Portraits of Home: A View of Rural China

Four generations and a century later, a descendant of Chinese immigrants traces his path back to the rural village where his great-grandfather was born. Compared to navigating family stories and traditions, getting around in China may have been the easy part.

 

 

 

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“So what were your parents’ Chinese names, Uncle Fred?” I ask into the phone.

“Oh, I can’t tell you,” he replies.  Even with his gentle tone, I get the sense that this should be obvious. “To do so would be highly disrespectful.  I always called them ba-ba and ma-ma.” 

There’s an awkward pause as I grapple with this, trying to reconcile my desire to know with my need to show respect not only for my uncle, but for our family and these customs.

“Okay.  Well, could you tell me where in China our family is from?”

“Toisan.” 

Again, his answers are short, declarative.  On a need-to-know basis.

“Great, great. I think my dad mentioned that,” I respond finally. “Could you tell me where in Toisan? Like, what village? Or area?”

“Oh, they were from a village so small it’s not even worth mentioning.”

And that is as far as I could get.  In 2005, I had given my Great-Uncle Fred a call hoping to find out more about the history of our Chinese family.  Long venerated within the Gong family as an art prodigy, a World War II hero and caretaker of my great-grandmother, Fred Gong Jr. is the oldest living member of our family.  He now lives in an assisted-care home in Southern California but had for many years taught English to newcomers from Guangdong in Los Angeles’ Chinatown. 

 


Hover over photo for slideshow controls. Click on photos for full captions.

 

When I first began asking questions about my Chinese ancestry, I was fortunate enough that my father was able to provide some of the basic answers – his grandfather had immigrated from Guangdong to Ensenada, Mexico, near the turn of the century; his father, my grandfather, was born in Ensenada but was raised in Portland, Oregon’s Chinatown; our family was almost deported under the Chinese Exclusion Act in 1941 but was eventually saved by a Jewish lawyer who argued that the Gong’s were technically Mexican nationals and, therefore, legal aliens under the Bracero program.

Nearly a hundred years ago, my great-grandfather left rural China for the United States.  Toisan, a district of Guangdong province, is also known as the home of the overseas Chinese.  By the turn of the 20th century, Southern China had been through decades of famine, plague and conflict, propelling hundreds of thousands of Chinese across the globe.  First landing in Baja Mexico, he eventually made his way to Oregon with my great-grandmother and grandfather in tow. Settling in Oregon, the Gong family regrew its roots in the concrete of Portland, San Bernardino and the Bay Area. 

Since he left China, none of our immediate family had ever returned to his village, our village.  Growing up in Oakland, I knew a very basic outline of our immigration: We had retained Chinese names and recipes, but the specifics of where and why were educated guesses at best.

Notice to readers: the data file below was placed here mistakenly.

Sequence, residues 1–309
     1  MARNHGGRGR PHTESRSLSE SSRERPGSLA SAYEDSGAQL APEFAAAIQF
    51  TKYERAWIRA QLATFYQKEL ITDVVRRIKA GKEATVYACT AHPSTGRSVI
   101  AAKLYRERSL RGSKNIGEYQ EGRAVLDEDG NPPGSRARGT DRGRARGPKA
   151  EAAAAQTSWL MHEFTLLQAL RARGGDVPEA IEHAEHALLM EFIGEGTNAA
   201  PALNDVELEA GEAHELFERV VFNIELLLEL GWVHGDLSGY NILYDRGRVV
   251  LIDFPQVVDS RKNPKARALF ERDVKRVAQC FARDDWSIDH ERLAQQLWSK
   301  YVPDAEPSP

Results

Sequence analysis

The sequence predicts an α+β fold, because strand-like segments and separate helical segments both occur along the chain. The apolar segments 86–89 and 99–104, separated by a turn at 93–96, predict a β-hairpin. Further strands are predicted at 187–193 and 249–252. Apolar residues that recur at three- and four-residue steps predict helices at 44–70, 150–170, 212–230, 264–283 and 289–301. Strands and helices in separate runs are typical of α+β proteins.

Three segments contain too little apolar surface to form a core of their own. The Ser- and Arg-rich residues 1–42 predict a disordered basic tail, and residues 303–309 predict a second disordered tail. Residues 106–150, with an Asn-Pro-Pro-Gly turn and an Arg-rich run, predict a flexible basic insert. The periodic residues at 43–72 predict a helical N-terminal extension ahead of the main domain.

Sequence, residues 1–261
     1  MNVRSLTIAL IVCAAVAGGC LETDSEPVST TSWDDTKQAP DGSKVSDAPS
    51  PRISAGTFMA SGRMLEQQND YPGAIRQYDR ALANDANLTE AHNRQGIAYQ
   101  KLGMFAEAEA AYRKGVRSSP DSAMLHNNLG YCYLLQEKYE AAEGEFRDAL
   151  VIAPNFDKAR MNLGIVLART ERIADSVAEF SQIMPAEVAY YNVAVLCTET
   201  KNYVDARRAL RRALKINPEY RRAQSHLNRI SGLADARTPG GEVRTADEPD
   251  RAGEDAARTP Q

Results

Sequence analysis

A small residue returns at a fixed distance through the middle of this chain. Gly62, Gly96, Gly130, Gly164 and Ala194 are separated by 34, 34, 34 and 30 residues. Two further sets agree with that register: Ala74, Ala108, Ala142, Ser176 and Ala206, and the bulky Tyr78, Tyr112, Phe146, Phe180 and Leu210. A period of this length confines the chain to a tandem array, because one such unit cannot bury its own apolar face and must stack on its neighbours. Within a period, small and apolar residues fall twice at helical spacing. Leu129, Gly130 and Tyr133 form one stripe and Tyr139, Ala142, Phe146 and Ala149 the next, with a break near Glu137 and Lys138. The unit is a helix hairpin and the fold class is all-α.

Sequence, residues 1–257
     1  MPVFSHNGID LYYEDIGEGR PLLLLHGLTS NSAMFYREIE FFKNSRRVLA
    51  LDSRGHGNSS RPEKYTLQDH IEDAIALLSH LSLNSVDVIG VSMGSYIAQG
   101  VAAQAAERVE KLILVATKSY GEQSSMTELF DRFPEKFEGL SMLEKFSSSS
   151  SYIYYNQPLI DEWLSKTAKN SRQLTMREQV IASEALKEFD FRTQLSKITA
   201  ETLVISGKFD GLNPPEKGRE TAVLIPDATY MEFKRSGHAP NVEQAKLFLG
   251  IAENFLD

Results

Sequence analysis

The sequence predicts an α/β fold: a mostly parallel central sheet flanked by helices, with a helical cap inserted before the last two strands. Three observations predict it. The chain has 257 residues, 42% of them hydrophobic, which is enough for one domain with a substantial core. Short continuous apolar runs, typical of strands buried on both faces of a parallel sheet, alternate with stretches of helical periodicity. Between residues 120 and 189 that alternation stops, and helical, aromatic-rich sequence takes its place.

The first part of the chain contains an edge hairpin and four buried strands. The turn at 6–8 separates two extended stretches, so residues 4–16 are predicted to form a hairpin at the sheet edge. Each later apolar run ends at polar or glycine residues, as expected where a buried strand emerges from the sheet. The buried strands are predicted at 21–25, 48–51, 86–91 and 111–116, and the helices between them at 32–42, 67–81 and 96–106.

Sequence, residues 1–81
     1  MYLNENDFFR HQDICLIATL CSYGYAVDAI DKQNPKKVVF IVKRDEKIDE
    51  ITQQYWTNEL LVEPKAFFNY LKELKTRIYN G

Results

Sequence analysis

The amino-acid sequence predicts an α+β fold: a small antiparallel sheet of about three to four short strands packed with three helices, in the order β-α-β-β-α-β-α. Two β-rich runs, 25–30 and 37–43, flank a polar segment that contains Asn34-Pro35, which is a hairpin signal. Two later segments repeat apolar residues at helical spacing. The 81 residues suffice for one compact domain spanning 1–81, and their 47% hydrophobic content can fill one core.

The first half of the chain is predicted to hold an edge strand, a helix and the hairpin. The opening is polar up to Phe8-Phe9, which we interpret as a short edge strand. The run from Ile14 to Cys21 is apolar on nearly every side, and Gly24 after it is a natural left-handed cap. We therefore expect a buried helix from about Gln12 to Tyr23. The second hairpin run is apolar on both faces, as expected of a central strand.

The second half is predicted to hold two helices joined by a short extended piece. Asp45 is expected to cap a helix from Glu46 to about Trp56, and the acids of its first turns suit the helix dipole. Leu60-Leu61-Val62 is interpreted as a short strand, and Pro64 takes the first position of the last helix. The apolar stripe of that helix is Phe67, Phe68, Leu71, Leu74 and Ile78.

Last summer, I had the chance to return to our village in China with the help of a Bay Area organization that helps reconnect those of Cantonese extraction with their ancestral villages.  Roots: Him Mark Lai Family Project helped me trace our family’s history from the Chinatowns of America back to the rural village in Southern China where our family originates.  After pinpointing our exact village (no easy task given the century time-lapse since any American Gong had contacted the village), I traveled with a number of other Chinese-Americans (including my dad) eager to trace their family origins.

I was unprepared for what I would discover and see. My understanding of Chinese-America has been predominantly an urban one, which is to say that Chinatown and being Chinese was synonymous in mind. Dim Sum restaurants, double parking, stores crammed with goods: If not this, what did Chinese do?

I found out. The China my great-grandfather left was and still is a rural one. Traveling to a part of China rarely seen because it’s hard to reach, I was astonished by the beauty of the land, the centuries of tradition embedded into daily life. Most of all, I was taken in by the incredible warmth and hospitality of its people.  

I hope the pictures tell the rest of the story.

 

A famous architectural element throughout the region is the watchtowers. Southern China had always been a gateway of trade to the outside world and Cantonese had long been in contact with Westerners. Because of this, Cantonese grew more comfortable with importing and adapting words, aesthetics and technology from the outside world. When Cantonese did venture outside of their villages, it was often with the intention of earning a fortune and returning in glory. The watchtowers here includes adaptations of Western architecture but are meant to serve as a visual reminder to the rest of the family about who made it big. They also doubled as fortification against bandit attacks.

 

 

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